The essays in this book traverse two centuries of queens and their afterlives—historical, mythological, and literary. They speak of the significant and subtle ways that queens leave their mark on the culture they inhabit, focusing on gender, marriage, national identity, diplomacy, and representations of queens in literature. Elizabeth I looms large in this volume, but the interrogation of queenship extends from Elizabeth's historical counterparts, such as Anne Boleyn and Catherine de Medici, to her fictional echoes in the pages of John Lyly, Edmund Spenser, William Shakespeare, Mary Wroth, John Milton, and Margaret Cavendish. Celebrating and building on the renowned scholarship of Carole Levin, Queens Matter in Early Modern Studies exemplifies a range of innovative approaches to examining women and power in the early modern period.
Forgotten Queens in Medieval and Early Modern Europe examines queens dowager and queens consort who have disappeared from history or have been deeply misunderstood in modern historical treatment. Divided into eleven chapters, this book covers queenship from 1016 to 1800, demonstrating the influence of queens in different aspects of monarchy over eight centuries and furthering our knowledge of the roles and challenges that they faced. It also promotes a deeper understanding of the methods of power and patronage for women who were not queens, many of which have since become mythologized into what historians have wanted them to be. The chronological organisation of the book, meanwhile, allows the reader to see more clearly how these forgotten queens are related by the power, agency, and patronage they displayed, despite the mythologization to which they have all been subjected. Offering a broad geographical coverage and providing a comparison of queenship across a range of disciplines, such as religious history, art history, and literature, Forgotten Queens in Medieval and Early Modern Europe is ideal for students and scholars of pre-modern queenship and of medieval and early modern history courses more generally.
Offering a fascinating survey of European queenship from 1500-1800, with each chapter beginning with a discussion of the archetypal queens of Western, Central, Northern, and Eastern Europe, Charles Beem explores the particular nature of the regional forms and functions of queenship – including consorts, queens regnant, dowagers and female regents – while interrogating our understanding of the dynamic operations of queenship as a transnational phenomenon in European history. Incorporating detailed discussions of gender and material culture, this book encourages both instructors and student readers to engage in meaningful further research on queenship. This is an excellent overview of an exciting area of historical research and is the perfect companion for undergraduate and postgraduate students of History with an interest in queens and queenship.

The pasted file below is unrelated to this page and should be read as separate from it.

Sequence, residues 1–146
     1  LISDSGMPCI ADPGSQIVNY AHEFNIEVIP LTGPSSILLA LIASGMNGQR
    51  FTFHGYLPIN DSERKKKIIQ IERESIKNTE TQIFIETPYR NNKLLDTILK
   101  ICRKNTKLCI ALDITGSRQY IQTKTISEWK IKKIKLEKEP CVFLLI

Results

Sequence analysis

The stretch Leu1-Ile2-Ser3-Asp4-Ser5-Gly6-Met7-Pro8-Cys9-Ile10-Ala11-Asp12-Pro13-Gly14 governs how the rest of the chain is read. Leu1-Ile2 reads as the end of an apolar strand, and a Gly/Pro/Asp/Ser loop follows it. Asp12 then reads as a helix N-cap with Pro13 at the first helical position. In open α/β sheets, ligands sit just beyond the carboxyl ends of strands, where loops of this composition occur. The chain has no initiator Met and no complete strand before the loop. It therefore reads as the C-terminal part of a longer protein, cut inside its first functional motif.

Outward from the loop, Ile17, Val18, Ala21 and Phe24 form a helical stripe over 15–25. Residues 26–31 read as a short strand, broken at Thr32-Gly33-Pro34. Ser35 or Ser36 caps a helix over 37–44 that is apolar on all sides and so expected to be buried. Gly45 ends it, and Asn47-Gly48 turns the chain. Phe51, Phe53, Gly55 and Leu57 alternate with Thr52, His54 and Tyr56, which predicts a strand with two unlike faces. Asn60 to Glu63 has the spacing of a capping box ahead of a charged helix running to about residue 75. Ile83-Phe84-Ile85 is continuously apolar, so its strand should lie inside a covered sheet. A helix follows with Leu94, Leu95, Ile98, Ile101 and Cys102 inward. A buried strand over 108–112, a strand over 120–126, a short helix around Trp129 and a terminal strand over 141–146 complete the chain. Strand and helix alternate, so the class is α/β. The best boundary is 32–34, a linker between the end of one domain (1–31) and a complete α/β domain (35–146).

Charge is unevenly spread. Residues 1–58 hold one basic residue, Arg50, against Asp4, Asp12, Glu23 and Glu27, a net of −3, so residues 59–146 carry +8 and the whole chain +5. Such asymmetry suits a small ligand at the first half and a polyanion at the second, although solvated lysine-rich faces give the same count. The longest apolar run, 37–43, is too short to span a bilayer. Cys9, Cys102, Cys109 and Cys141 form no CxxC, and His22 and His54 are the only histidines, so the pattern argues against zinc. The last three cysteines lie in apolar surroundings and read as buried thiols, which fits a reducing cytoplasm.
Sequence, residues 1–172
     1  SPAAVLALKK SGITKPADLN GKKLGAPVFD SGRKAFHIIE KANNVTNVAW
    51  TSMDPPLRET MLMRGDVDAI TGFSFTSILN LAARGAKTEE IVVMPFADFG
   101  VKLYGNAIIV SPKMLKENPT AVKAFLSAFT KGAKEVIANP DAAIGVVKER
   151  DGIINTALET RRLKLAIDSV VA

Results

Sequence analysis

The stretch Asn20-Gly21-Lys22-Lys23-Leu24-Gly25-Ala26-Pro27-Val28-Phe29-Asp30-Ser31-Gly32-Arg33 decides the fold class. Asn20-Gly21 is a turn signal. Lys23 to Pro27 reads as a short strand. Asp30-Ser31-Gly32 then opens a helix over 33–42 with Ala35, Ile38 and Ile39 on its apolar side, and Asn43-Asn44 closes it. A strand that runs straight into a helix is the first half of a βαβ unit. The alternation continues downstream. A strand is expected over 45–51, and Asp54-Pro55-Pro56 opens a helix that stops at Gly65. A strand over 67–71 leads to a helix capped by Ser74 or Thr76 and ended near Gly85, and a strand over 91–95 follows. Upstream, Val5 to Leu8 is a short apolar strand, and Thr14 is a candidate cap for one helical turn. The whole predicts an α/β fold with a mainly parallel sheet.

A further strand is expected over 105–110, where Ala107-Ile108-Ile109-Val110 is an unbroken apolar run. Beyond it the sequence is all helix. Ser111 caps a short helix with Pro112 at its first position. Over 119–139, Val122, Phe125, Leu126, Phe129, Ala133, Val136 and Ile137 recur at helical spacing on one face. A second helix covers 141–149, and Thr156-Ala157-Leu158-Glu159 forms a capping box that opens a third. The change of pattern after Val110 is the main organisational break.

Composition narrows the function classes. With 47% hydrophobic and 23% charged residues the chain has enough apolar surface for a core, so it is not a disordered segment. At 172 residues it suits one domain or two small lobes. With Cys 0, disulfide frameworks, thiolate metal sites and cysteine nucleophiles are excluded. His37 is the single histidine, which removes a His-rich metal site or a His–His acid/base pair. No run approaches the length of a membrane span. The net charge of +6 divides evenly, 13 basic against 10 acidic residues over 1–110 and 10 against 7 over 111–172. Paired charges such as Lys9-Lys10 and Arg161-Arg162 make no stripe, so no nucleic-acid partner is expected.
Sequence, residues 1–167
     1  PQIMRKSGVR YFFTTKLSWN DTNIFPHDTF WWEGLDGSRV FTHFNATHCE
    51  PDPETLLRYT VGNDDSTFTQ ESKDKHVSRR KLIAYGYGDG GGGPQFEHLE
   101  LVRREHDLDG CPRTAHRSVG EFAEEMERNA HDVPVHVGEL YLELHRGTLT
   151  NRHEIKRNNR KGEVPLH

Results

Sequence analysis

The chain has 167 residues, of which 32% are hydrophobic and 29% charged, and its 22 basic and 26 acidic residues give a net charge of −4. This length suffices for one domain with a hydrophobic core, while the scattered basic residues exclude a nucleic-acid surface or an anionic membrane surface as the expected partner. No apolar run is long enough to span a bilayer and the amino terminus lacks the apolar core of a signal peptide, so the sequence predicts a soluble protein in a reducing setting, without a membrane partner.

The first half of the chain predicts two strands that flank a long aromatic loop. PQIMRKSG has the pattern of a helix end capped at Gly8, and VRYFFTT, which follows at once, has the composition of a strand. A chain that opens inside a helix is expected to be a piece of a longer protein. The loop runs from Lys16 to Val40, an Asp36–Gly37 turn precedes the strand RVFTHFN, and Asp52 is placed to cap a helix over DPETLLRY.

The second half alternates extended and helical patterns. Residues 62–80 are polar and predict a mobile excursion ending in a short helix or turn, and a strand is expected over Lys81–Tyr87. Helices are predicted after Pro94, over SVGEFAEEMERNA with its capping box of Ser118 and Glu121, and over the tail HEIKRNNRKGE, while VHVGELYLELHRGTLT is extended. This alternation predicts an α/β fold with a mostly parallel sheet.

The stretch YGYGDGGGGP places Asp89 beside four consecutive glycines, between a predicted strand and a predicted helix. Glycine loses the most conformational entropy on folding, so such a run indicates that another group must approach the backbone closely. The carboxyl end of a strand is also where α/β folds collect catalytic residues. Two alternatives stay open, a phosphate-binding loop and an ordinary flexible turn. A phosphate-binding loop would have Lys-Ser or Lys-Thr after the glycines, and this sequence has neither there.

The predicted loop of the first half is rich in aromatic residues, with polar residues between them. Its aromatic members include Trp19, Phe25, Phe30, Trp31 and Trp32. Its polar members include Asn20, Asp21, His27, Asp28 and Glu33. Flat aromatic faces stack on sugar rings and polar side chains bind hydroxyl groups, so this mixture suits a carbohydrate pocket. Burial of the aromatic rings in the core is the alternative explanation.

Women on the Edge in Early Modern Europe examines the lives of women whose gender impeded the exercise of their personal, political, and religious agency, with an emphasis on the conflict that occurred when they crossed the edges society placed on their gender. Many of the women featured in this collection have only been afforded cursory scholarly focus, or the focus has been isolated to a specific, (in)famous event. This collection redresses this imbalance by providing comprehensive discussions of the women's lives, placing the matter that makes them known to history within the context of their entire life. Focusing on women from different backgrounds - such as Marie Meurdrac, the French chemist; Anna Trapnel, the Fifth Monarchist and prophetess; and Cecilia of Sweden, princess, margravine, countess, and regent - this collection brings together a wide range of scholars from a variety of disciplines to bring attention to these previously overlooked women.
This book examines the first thirty years of Elizabeth I’s reign from the perspective of the Valois kings, Charles IX and Henri III of France. Estelle Paranque sifts through hundreds of French letters and ambassadorial reports to construct a fuller picture of early modern Anglo-French relations, highlighting key events such as the St. Bartholomew’s Day Massacre, the imprisonment and execution of Mary, Queen of Scots, and the victory of England over the Spanish Armada in 1588. By drawing on a wealth of French sources, she illuminates the French royal family’s shifting perceptions of Elizabeth I and suggests new conclusions about her reign.
___________________________________ 'Scintillating, provocative... An elegant synthesis of royal biography and political thriller.' Daily Telegraph A Times History Book of the Year: a story which inspired the Hollywood film MARY QUEEN OF SCOTS Mary, Queen of Scots & Elizabeth I of England. Two powerful monarchs on a single island. Threatened by voices who believed no woman could govern. Surrounded by sycophants, spies and detractors. Accosted for their dominion, their favour and their bodies. Besieged by secret plots, devastating betrayals and a terrible final act. Only one queen could survive to rule all. ___________________________________ 'Brings us a fresh Mary, set in a gloriously rich context, a tragic heroine - irresistibly real and relevant... There isn't a line wasted in this taut, dramatic and utterly beguiling biography.' Charles Spencer author of Killers of the King: The Men Who Dared to Execute Charles I 'The perfect combination of scholarship and storytelling, meticulous research and emotional insight, Kate Williams brings Mary vividly to life in all her complexities and contradictions.' Kate Mosse, author of The Burning Chambers 'It takes a special kind of historian to turn an old story on its head. Eye-opening, provocative, this is the great rivalry re-imagined for the #MeToo generation.' Lucy Worsley